Meet ‘Slow Meat’ in Lunenburg County
Learn about the joys and challenges for a small-scale producer and a small-scale processor within in our current food system.
On Sunday Oct 1, we’ll visit pig breeder, Adam Arenburg, and his registered Berkshire pigs, in Seffernsville, on Route 12. A few years ago Adam started to raise a pink pig or two to feed his family. Now he is passionate about pigs, specifically about this Slow Food ‘Ark of Taste’, and now-rare, Berkshire breed. https://www.fondazioneslowfood.com/en/ark-of-taste-slow-food/berkshire-pig/
Adam is dedicated to keeping the genetic integrity of his animals and to their well-being. He is a director of Rare Breeds Canada, https://www.rarebreedscanada.com/and looks forward to talking with us about the joys and challenges of being a small-scale producer in our current food system. (Clean footwear please)
Then it’s Peasant’s Pantry deli in New Ross, for lunch from the menu at their outdoor picnic tables (seating for 48!, weather permitting) or indoors (15 seats when all available) PLUS a conversation on the same theme with chef and owner, Joseph Crocker, who produces over thirty types of charcuterie and other specialty meat using local meat but also offers butcher cuts and a menu for eat-in/take-out all under one some-what small roof. On the menu for vegetarians, a Yellow-Eyed Bean Falafel with yogourt, spicy harissa sauce, cucumber, red onion and tomato on flat bread.
Date: Sunday Oct 1 Rain or Shine.
Time: 11:30 am visit to Adam, and an afternoon lunch at Peasant’s Pantry.
Location: Seffernsville and New Ross, Lunenburg County, Route 12.
RSVP to firstname.lastname@example.org. Please include your name and phone number. Note that we will be mostly outdoors for both parts of the event.
What is ‘Slow Meat’?
‘Slow Meat’ is a Slow Food campaign to raise awareness among us eater/ co-producers about better, cleaner, and fairer consumption habits, and to value and promote small- and medium- scale producers who work with respect for their animals’ welfare and the environment. Slow Meat is Good, Clean, Fair meat!
Good, Clean, Fair Meat
Good Meat grown in ways to encourage maximum flavour. This includes slow growth rates, pasture grazing, high quality wholesome feeds, breed selection, and pre-slaughter handling. As much as possible nothing is added or taken away from the meat. Any curing process uses natural ingredients and traditional methods as much as possible.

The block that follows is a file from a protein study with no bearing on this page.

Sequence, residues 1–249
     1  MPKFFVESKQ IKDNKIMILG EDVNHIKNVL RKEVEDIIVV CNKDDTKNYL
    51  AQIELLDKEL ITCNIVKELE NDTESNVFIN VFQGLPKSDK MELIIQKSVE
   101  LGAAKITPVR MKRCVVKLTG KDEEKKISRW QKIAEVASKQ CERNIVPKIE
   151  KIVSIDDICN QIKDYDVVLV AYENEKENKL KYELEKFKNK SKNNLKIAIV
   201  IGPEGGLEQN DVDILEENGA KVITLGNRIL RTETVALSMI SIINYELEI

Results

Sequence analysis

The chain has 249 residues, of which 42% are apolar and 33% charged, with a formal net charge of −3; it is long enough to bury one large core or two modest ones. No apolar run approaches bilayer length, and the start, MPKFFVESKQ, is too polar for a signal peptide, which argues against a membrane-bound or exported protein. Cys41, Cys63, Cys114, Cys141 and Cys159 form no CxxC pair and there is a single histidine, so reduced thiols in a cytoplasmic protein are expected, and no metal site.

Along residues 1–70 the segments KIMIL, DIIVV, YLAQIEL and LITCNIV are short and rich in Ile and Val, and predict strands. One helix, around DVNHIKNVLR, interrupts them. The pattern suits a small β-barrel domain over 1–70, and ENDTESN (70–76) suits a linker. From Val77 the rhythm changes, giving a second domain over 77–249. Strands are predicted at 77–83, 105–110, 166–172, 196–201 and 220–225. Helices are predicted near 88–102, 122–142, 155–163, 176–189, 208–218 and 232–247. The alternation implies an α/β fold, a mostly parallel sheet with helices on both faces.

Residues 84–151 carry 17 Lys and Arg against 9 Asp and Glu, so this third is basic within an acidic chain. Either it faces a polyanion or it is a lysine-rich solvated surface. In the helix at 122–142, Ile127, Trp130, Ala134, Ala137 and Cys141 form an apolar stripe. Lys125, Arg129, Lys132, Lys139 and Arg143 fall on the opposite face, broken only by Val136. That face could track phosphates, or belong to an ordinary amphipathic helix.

Clean Every step from production to consumption is designed to protect the environment and be as sustainable as possible. This includes pasture management, the use of pharmaceuticals, slaughtering, processing, packaging, marketing. All practices protect biodiversity and the agro-ecological systems they are part of. Practices safeguard the health of the animal, the producer, and the eater/ co-producer.
Fair Production systems are designed to respect animals and ensure the highest level of animal welfare. Human players in the system are able to work in conditions respectful of their rights. All should be adequately compensated for their know-how and labour. Practices are respectful of local traditions and cultural diversity.
The whole campaign can be summed up as eat less meat, eat better quality meat.
What does this mean for producers?
- Choosing regionally-appropriate animals. Choose species and breeds best suited to the local environment and climate
- Providing access to pasture and outdoor foraging for all animals, whenever the climate permits. Supplemental feed must be high quality and as local as possible.
- Animals must be able to live their lives free from hunger and thirst, free from pain, illness, injury, discomfort, free to express normal behavior.
- Using animal husbandry practices to maintain optimal health. Prevention is the best medicine Antibiotics and other pharmaceuticals may be used when absolutely necessary, however legal withdrawal periods must be doubled.
- Slaughtering locally. Slaughterhouses should be small and as local as possible. On farm slaughter should be practiced whenever possible.
- There is a close relationship between farmer and animal. Regular hands-on husbandry encourages better animal welfare and respect for the animals in the farmer’s care.
What does this mean for consumers?
- Eating less meat. Choosing meat from smaller farms with high level animal welfare and sustainable practices.
- Choosing different species and breeds. Trying new kinds of meat, and making varied choices to encourage more diversified production.
- Eating nose to tail. Utilizing all parts of the animal, and trying out new and traditional recipes to make each part shine.
- Paying more for your meat. Cheap meat is an indicator of externalized production costs at the expense of animal welfare, product quality, working conditions, and the environment.
- Remembering that Local is best. Choosing the meat that is produced closest to where you live whenever possible.
- Being curious. Asking questions to find out how your meat is being produced, and whenever possible going to the farm and seeing it for yourself.